Saturday, October 10, 2015


Clueless CEOs, opportunistic politicians, tough regulators. Which two do you want?  Unfortunately, we check all three boxes.

The New Yorker's James Surowiecki writes about "Taking on the Drug Profiteers." But what is a "profiteer"? We supposedly have a profit-loss economy but profits are routinely denounced and losses too often bailed out.

Surowiecki refers to Turing Pharmaceuticals and its mammoth price hike of a life-saving drug for which it had sole regulatory approval. Surowiecki notes that the price hike was entirely legal but not smart because politicians pounced, denounced "gouging", and threatened price controls. Stocks across the pharmaceutical sector and beyond fell steeply.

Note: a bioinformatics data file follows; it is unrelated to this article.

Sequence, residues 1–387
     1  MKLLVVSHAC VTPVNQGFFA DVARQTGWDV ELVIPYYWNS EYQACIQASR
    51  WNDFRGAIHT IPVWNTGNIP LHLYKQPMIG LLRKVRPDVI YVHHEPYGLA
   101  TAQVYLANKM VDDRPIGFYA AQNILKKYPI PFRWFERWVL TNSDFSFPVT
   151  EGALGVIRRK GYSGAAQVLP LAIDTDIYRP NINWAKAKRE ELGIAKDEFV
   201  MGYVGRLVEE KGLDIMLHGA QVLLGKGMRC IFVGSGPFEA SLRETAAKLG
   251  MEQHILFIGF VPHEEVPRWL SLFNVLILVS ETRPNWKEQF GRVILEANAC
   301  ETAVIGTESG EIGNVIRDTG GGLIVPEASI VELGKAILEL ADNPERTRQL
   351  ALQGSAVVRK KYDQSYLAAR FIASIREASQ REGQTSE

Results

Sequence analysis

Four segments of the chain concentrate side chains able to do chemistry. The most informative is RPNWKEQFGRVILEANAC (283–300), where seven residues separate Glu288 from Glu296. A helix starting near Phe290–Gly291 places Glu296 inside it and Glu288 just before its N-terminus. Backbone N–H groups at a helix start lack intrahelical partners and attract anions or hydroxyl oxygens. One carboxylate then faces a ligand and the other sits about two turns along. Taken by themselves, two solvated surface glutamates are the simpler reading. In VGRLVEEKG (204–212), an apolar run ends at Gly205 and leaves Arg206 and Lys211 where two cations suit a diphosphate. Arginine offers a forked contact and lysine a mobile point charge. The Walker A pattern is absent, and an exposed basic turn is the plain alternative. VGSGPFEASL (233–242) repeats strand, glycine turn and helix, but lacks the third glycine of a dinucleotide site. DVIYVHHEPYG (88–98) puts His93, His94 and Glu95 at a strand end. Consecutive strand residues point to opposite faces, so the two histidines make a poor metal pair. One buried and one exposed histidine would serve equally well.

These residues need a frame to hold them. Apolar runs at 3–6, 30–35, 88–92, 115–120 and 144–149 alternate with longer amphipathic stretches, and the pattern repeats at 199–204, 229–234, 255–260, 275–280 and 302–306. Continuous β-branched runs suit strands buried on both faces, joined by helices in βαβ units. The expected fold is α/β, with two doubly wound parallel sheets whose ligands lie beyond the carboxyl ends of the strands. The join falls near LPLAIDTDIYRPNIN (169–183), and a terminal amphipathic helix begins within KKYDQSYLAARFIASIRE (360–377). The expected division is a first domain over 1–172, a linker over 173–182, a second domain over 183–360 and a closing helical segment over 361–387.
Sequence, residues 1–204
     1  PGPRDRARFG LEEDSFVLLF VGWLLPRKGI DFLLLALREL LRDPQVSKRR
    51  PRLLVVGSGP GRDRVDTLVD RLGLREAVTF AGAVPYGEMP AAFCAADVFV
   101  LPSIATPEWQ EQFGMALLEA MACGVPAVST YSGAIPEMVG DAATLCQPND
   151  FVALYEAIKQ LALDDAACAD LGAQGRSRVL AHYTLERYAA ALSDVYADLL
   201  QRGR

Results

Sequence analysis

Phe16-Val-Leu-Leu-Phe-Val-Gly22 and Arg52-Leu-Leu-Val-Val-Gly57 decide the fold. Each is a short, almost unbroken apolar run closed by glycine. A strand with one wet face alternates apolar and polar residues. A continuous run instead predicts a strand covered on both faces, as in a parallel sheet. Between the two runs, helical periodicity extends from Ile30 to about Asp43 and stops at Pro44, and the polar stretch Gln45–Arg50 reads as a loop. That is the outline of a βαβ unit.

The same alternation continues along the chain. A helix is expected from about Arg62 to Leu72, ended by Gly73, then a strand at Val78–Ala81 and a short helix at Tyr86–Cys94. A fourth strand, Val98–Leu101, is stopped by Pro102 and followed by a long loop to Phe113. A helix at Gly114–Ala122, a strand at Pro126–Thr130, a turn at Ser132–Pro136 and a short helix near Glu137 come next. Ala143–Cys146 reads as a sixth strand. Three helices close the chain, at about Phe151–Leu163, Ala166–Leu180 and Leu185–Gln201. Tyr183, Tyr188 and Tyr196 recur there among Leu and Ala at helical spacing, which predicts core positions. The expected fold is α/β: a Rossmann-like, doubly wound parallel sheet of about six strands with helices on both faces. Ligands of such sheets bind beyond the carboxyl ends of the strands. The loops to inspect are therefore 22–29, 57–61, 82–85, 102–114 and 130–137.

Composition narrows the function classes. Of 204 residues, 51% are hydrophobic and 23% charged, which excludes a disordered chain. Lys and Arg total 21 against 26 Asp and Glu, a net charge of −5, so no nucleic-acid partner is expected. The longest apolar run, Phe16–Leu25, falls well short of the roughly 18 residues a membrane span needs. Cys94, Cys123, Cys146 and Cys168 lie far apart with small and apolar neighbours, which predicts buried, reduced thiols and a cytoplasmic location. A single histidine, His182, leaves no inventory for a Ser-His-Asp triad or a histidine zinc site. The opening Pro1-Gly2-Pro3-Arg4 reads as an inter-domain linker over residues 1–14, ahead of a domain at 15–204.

A good way to explain supply and demand is to note that the prices we observe are there because the seller can charge them.  If not, there is a "sale" and a new price is soon discovered. Likewise, the profits reported are the ones that sellers can earn in the political context we have. In this case, that context is heavily regulated and heavily politicized. Turing's actions were entirely legal but "... even with a generic drug, regulatory barriers and a lack of competition can make big price hikes possible." Well, not really.